Wednesday, November 4, 2015

Songs of Our Break Up by Jay E. Tria - EXCERPT + GIVEAWAY




 

Songs of Our Breakup (Playlist Book 1)

Published on August 22nd 2015
by Jay E. Tria
Genre: New Adult Romance/Chicklit 

Buy Links I Goodreads I Amazon

Synopsis

Every breakup has its playlist.
How do you get over a seven-year relationship? 21-year-old Jill is trying to find out. But moving on is a harder job when Kim, her ex-boyfriend, is the lead guitarist of the band, and Jill is the vocalist. Every song they play together feels like slicing open a barely healed tattoo.

Jill’s best friend Miki says she will be out of this gloom soon. Breakups have a probation period, he says. Jill is on the last month of hers and Miki is patiently keeping her company.

But the real silver lining is Shinta. Having a hot Japanese actor friend in times like these is a welcome distraction. This gorgeous celebrity has been defying time zones and distance through the years to be there for Jill. Now he is here, physically present, and together he and Jill go through old lyrics, vivid memories, walks in the rain, and bottles of beer. Together they try to answer the question: what do you do when forever ends?

 

Excerpt

Jill took one beer bottle and chugged, her eyes on the door again when Kim entered, trailed by a girl too.

She coughed out beer on the table, splashing Nino’s shirt. Nino didn’t seem to mind. Nobody did. Their table seemed as frozen as her lungs as Kim approached them, a stranger in tow.

Jill couldn’t see her, could not make out any details. Something clouded her eyes, and the familiar vacuum was in her ears. From somewhere far, she heard Kim speak.

“Scary crowd tonight. I hope no one’s drunk yet.”

“I don’t know. I think that might come helpful.” Nino had pressed Jill’s hand around a new beer bottle.

Kim said the girl’s name, and the girl said some things.

“You’re the girl from Math 100!” Son exclaimed. “Were we classmates from my first take, or the second one? Was that a June?”

The girl laughed. Already she was connected to Jill’s friends by more than Kim’s hand.


“There’s a free table.” Kim spoke again, and said hand reached the girl’s waist. “We’re up in about an hour, guys. Nobody get wasted until after! Later.”

Jill kept sitting up straight, knowing Kim and his friend had taken the table just behind them. His voice still reached her in this vacuum, interlaced with the girl’s giggles, as Jill’s insides filled with dead air and her stomach shrunk in itself.

The vacuum broke, bile rising to her throat. Jill shot up and flew out the door.

Her sneakers pounded on the concrete. She made it past the queue of patrons outside, through the metal gate of the parking lot. Acid, air, alcohol, and whole peanuts spilled from her mouth to the gravel floor. She sunk on her knees, her hair on the stones, one arm wrapped around the clenching pain in her stomach.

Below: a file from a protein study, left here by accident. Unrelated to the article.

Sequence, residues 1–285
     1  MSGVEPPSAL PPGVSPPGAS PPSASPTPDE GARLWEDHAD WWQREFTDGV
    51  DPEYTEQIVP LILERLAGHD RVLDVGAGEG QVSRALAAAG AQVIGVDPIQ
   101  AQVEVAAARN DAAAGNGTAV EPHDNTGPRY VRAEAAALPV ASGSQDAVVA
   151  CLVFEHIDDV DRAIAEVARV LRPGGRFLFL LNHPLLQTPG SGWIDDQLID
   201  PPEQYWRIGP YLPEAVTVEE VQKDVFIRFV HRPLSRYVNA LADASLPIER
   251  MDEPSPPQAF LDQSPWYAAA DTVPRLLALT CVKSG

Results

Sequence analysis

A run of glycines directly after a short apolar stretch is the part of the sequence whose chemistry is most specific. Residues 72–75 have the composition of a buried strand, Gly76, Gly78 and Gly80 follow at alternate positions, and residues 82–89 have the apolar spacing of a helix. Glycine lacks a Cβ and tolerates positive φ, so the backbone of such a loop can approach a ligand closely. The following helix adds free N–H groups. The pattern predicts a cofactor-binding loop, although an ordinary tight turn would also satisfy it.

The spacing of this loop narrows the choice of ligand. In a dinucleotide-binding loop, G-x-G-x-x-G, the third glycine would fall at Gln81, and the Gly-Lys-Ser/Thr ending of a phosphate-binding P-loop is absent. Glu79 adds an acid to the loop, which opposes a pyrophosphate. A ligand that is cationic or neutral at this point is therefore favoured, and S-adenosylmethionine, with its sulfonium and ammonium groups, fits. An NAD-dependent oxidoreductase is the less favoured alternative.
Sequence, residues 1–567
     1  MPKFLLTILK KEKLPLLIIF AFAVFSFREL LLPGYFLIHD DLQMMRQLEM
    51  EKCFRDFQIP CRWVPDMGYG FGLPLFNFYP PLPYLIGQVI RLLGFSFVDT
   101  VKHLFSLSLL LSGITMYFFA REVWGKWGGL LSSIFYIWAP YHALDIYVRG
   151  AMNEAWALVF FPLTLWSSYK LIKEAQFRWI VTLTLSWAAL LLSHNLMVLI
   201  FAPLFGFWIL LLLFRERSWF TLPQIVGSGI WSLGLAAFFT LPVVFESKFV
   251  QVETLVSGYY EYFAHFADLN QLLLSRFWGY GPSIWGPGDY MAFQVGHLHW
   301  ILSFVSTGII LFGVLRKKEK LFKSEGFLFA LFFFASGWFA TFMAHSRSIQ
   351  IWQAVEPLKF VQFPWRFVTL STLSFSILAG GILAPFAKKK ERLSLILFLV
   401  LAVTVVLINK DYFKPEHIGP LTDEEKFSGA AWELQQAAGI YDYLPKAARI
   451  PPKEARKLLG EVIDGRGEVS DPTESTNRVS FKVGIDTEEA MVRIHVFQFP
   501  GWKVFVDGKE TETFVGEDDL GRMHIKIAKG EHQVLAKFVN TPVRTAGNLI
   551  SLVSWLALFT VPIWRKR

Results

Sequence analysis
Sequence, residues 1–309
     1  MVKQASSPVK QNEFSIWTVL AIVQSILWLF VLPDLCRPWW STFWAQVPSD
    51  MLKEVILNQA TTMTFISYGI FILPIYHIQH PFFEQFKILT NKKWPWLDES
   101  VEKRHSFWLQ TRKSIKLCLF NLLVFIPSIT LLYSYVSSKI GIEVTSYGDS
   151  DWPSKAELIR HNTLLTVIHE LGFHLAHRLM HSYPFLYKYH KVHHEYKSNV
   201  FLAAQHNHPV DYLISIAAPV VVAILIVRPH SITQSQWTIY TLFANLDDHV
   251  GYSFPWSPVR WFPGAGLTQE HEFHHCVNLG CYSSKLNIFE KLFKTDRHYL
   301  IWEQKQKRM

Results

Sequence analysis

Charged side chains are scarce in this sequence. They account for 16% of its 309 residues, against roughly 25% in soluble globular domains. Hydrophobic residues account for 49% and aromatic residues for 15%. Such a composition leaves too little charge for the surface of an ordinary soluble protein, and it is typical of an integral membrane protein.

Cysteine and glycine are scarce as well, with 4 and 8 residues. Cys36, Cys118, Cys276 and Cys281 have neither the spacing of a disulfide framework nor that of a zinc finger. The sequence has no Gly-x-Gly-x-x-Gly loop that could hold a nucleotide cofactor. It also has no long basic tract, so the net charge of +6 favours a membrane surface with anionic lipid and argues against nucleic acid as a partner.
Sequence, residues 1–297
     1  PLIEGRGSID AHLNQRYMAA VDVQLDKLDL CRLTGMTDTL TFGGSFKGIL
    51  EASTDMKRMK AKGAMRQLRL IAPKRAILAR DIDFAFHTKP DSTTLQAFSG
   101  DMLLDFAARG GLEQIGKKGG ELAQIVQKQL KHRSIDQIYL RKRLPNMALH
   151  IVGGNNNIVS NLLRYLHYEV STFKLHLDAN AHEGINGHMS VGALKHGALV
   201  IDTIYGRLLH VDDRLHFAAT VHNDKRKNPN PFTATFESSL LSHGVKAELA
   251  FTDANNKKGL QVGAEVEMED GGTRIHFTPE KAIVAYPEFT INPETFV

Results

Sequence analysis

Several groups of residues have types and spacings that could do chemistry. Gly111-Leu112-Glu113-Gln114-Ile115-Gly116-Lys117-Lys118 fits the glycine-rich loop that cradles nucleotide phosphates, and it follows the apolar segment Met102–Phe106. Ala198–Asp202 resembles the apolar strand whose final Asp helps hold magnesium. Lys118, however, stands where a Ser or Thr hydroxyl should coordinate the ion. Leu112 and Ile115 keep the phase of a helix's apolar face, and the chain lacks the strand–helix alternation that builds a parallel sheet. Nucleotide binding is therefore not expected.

“Up you go.” Miki took her arm and gently pulled, one hand running soothing circles on her back.

“I didn’t hear you come,” Jill muttered, staggering upright. “Go away, I’m gross.”

Miki turned her to him and wiped her mouth with the back of his hand. “There.” He smiled. “Clean as new.”

He towed her to his car, which was nearer the scene of Jill’s vomit crime, and they sat on the hood. Jill breathed in the cool air, the bitterness in her tongue aching for water. Darkness still clouded her eyes, cold sweat covering her arms. She blinked and waited for the colors to return.

She turned to Miki and concentrated on his face. Soon his image sharpened, the deep crease between his brows a curious contrast to the calm lines of his mouth.

“Do you wish you met Ana in Economics 100 instead of me?” she said, mouth dry and tasting of bile.

“Where’s that coming from?”

“She’s cute and perky and obviously socially adept.” Jill paused as she processed this. “She’s like the anti-me. That’s so strange. But then she’s also tall and skinny and she moves like a boy, like me.”

“Huh.”

“I never understood why you of all people never had a girlfriend. Or so you claim.”

Miki pulled out a clean handkerchief from his pocket and pushed it on Jill’s hand. “Sometimes girls can be very cruel.”

Jill took it, noting how old fashioned her best friend was, carrying a white handkerchief around, as the tears made a free fall down her cheeks.

“Boys too,” she murmured. She allowed Miki to pull her head down to his shoulder, so he wouldn’t have to see her noisy, ugly cry. 


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About the Author 

Hi! I'm a writer of contemporary Young Adult and New Adult romance. These days I'm writing paranormal/fantasy too, and it's a fun exercise. I'm often inspired by daydreams, celebrity crushes, a childhood fascination of Japanese drama and manga, and an incessant itch to travel.        Author Links        I Website I Amazon I Goodreads I Twitter I Facebook I Instagram I

 







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